The Hard Case of Duchamp’s Fountain

Launt Thompson argues that some popular trends in art criticism are
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Launt Thompson argues that some popular trends in art criticism are fallacies.

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News source: Philosophy Now

Marcel Duchamp (1887-1968)

Alistair MacFarlane appreciates the life of an infamous art
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Alistair MacFarlane appreciates the life of an infamous art prophet.

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News source: Philosophy Now

Art As An Encounter

Daniel Vargas Gómez considers what we encounter when we encounter
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Daniel Vargas Gómez considers what we encounter when we encounter art.

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News source: Philosophy Now

News: June/July 2015

Is a chimpanzee a person? • Is an android a person? • Editing the human germline — News reports by Anja
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Is a chimpanzee a person? • Is an android a person? • Editing the human germline — News reports by Anja Steinbauer

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News source: Philosophy Now

<p>In 1623 a London printer produced 750 copies of a 900-page collection of Shakespeare's plays. Centuries later the book became <strong>Henry Folger's white whale</strong></p>

In 1623 a London printer produced 750 copies of a 900-page collection of Shakespeare&#39;s plays. Centuries later the book became Henry Folger&#39;s white
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In 1623 a London printer produced 750 copies of a 900-page collection of Shakespeare's plays. Centuries later the book became Henry Folger's white whale

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News source: Arts & Letters Daily

<strong>The yin to Balanchine's yang</strong>. The Soviet choreographer Leonid Yakobson eschewed tradition, instead embracing moments of exuberance and giddiness

The yin to Balanchine&#39;s yang. The Soviet choreographer Leonid Yakobson eschewed tradition, instead embracing moments of exuberance and
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The yin to Balanchine's yang. The Soviet choreographer Leonid Yakobson eschewed tradition, instead embracing moments of exuberance and giddiness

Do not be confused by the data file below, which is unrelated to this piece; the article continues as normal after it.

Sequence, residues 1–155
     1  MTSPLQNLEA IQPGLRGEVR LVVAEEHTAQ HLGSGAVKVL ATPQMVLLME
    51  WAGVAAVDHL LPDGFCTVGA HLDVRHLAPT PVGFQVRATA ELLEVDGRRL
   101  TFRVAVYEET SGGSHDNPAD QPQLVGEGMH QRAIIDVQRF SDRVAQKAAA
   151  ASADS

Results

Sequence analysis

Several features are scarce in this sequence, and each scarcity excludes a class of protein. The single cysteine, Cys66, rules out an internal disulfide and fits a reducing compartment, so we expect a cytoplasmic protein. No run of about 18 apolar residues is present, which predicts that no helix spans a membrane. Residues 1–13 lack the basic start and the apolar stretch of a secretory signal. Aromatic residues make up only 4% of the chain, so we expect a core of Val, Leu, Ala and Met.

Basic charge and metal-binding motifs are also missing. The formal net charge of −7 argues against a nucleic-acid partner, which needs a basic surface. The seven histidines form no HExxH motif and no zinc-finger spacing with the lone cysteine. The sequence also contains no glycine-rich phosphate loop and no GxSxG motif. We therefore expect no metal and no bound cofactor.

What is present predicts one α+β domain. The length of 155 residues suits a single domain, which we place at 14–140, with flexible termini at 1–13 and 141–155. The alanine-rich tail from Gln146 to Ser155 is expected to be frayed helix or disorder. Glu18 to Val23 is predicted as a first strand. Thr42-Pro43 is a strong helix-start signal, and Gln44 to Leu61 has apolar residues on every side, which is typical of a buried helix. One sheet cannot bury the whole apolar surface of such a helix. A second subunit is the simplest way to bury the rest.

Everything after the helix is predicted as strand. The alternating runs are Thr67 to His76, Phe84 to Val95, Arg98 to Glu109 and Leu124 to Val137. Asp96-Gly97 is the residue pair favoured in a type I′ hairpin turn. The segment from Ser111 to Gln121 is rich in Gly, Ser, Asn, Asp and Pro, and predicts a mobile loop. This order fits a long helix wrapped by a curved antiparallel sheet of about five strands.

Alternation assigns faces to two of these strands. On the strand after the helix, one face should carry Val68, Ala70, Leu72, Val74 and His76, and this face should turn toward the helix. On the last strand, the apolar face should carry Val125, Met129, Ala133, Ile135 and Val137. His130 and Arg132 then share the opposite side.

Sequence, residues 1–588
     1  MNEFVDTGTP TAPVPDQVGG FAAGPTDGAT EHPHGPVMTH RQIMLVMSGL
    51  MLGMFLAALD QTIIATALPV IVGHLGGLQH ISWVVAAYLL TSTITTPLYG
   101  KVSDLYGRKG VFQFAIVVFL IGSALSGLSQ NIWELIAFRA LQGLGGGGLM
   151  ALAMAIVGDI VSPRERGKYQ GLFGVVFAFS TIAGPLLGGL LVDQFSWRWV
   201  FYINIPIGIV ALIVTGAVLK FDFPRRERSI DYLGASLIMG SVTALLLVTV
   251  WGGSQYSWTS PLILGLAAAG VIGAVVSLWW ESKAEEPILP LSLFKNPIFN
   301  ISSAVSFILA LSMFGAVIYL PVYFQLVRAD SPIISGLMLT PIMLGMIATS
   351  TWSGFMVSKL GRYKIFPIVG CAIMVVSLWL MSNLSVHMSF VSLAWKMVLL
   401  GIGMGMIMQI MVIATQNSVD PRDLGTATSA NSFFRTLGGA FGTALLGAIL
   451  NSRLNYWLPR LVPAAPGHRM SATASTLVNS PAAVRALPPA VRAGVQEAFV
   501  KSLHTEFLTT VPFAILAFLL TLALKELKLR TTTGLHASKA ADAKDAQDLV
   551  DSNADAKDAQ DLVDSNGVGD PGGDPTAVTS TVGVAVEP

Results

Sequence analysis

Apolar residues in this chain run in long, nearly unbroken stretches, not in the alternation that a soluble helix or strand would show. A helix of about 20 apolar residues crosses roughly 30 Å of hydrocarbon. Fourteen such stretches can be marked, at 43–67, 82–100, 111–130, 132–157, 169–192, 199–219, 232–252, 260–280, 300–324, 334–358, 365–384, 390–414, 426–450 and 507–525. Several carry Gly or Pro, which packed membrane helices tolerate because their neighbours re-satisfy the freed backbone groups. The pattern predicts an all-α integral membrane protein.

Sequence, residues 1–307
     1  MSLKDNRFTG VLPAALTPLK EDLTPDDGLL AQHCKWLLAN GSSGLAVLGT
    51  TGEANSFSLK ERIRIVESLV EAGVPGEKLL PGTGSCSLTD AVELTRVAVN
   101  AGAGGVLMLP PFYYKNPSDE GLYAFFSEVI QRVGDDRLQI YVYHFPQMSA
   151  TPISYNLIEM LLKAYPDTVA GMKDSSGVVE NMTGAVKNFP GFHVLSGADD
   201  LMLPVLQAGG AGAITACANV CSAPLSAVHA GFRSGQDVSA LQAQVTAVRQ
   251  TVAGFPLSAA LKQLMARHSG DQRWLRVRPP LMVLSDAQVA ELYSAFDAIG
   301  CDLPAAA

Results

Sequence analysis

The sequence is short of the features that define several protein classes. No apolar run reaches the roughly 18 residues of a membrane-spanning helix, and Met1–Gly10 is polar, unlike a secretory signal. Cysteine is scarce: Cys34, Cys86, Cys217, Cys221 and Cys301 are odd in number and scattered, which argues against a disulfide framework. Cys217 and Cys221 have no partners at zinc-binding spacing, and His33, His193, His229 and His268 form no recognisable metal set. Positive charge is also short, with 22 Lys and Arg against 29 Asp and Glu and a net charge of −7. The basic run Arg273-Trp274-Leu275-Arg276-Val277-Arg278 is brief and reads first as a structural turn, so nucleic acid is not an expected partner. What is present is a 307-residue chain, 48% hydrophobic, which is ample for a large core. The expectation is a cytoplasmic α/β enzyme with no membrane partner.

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News source: Arts & Letters Daily

Does <strong>fear of death</strong> explain the development of art, religion, language, economics, science, and almost all of human behavior?&nbsp;

Does fear of death explain the development of art, religion, language, economics, science, and almost all of human
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Does fear of death explain the development of art, religion, language, economics, science, and almost all of human behavior? 

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News source: Arts & Letters Daily

<strong>William Zinsser</strong>, who died last week, knew how to live well and write well. His advice about endings: "When you're ready to stop, stop"

William Zinsser, who died last week, knew how to live well and write well. His advice about endings: &quot;When you&#39;re ready to stop,
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William Zinsser, who died last week, knew how to live well and write well. His advice about endings: "When you're ready to stop, stop"

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News source: Arts & Letters Daily

Mistakes

View image &amp;#124; gettyimages.com If you have made a mistake, do not be afraid of admitting the fact and amending your ways. -Confucius &amp;#160; I never make the same mistake twice. Unfortunately,
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View image | gettyimages.com If you have made a mistake, do not be afraid of admitting the fact and amending your ways. -Confucius   I never make the same mistake twice. Unfortunately, there are an infinite number of mistakes. So, I keep making new ones. Fortunately, philosophy is rather helpful in minimizing the impact of mistakes and learning that crucial aspect of wisdom: not committing the same error over and over. One key aspect to avoiding the repetition of errors is skill in critical thinking. While critical thinking has become something of a buzz-word bloated fad, the core of it remains as important as ever. The core is, of course, the methods of rationally deciding whether a claim should be accepted as true, rejected as false or if judgment regarding that claim should be suspended. Learning the basic mechanisms of critical thinking (which include argument assessment, fallacy recognition, credibility evaluation, and causal reasoning) is relatively easy—reading through. . .

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News source: Talking Philosophy